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Dandelion Tea

By Tia Ohm

When you think of dandelions, what comes to mind? I think of spring and all the senses that comes with it. I picture myself running in the yard barefoot with the warm spring breeze blowing over my face. I hear the lawn mower in the distance and the smell of freshly cut grass. I see newly grown flowers sprouting all over the yard; dandelions included. One thing I never thought of as a kid; however, was the taste of dandelions. Not only is this plant edible, but it is extremely detoxifying and beneficial for your body.


One of the main known properties of the dandelion plant is it’s ability to detox your liver. Since your liver is constantly working to eliminate the bad stuff and keep the good stuff in your body, drinking a cup of this tea every day will minimize the load your liver is constantly holding. Did you know dandelion has 535% of the recommended daily value of vitamin K? It also provides 112% of the daily requirement of vitamin A which we all know is beneficial for skin health. This useful little weed is also known for it’s detoxing effects on the eyes and purifies the blood and is great for digestion, among many other things! It’s truly amazing what nature has to offer. Instead of weeding these out, try drinking them in tea instead. Once steeped, this tea will give you an nice earthy flavor and a light yellow color. Add some spices, honey or lemon to zaz it up, but otherwise simply enjoy a warm cup of this detoxifying power house mother nature has provided, likely only a few steps outside your front door.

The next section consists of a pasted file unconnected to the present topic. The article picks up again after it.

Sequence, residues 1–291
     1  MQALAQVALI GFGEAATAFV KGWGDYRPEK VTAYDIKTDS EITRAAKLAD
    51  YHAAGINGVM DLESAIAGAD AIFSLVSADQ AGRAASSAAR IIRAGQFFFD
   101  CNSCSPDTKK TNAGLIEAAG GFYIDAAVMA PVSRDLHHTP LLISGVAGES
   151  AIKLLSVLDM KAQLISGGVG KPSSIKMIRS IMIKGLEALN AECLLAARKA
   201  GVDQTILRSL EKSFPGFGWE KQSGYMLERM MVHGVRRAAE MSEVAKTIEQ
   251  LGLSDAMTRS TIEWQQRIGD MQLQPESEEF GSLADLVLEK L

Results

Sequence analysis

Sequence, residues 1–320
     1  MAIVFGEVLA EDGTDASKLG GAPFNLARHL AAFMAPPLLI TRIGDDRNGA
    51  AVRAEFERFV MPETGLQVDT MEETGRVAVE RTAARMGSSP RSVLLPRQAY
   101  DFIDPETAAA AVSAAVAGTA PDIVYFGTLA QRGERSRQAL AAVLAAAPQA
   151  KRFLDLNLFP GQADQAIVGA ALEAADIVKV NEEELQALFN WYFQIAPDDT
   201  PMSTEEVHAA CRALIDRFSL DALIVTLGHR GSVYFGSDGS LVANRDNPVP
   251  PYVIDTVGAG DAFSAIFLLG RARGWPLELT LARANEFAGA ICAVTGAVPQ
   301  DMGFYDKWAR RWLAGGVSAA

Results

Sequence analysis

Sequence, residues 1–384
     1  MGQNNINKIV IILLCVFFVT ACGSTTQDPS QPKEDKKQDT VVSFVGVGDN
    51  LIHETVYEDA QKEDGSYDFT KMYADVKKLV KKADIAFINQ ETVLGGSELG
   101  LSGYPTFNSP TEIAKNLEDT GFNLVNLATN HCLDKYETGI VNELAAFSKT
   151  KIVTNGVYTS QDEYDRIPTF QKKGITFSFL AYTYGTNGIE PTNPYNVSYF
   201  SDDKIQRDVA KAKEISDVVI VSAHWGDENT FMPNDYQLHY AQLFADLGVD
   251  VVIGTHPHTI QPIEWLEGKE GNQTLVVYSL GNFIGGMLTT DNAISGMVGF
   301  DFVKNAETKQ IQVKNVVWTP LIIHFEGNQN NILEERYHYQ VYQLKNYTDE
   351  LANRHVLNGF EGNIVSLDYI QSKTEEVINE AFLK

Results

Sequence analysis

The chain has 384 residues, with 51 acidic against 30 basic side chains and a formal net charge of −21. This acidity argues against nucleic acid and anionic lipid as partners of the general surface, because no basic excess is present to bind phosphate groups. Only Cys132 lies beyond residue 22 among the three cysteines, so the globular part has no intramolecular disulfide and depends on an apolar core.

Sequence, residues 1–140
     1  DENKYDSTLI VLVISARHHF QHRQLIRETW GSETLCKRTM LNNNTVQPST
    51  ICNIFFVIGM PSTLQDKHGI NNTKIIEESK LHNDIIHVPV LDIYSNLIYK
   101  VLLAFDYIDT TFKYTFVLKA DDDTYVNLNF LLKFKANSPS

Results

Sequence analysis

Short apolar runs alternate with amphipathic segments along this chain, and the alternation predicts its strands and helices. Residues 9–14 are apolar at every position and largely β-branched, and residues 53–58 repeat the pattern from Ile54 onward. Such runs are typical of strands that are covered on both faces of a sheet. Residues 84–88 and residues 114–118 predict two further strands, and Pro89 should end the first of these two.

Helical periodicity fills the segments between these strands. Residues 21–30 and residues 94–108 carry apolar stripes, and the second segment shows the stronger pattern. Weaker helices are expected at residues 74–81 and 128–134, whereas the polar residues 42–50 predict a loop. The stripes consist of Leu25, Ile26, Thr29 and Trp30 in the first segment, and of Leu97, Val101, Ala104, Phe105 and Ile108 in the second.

What You’ll Need:

  • 8 dandelion flowers
  • 5 young dandelion leaves (see notes)
  • 1 dandelion root, cleaned and chopped
  • 1-2 cups of water
  • lemon/honey, optional

What to Do:

  1. Clean your flowers and leaves well and add to a mason jar. Clean your root thoroughly, chop, and add to your mason jar.
  2. Boil about 2 cups of water, add to your dandelion bits, cover and let steep for about 10 minutes in a jar or heat-proof container, lightly covered.
  3. Strain out the tea and add lemon or honey if desired. Enjoy warm.

Notes: Be sure you pick your flowers from a lawn that has not seen fertilizer or pesticides. Young dandelion leaves may be less bitter and more desirable tasting. To extract the root, grab hold of the base of the plant and wiggle until you have loosened the soil. Give it a hard tug and the entire root should come out.

Makes 1-2 cups of tea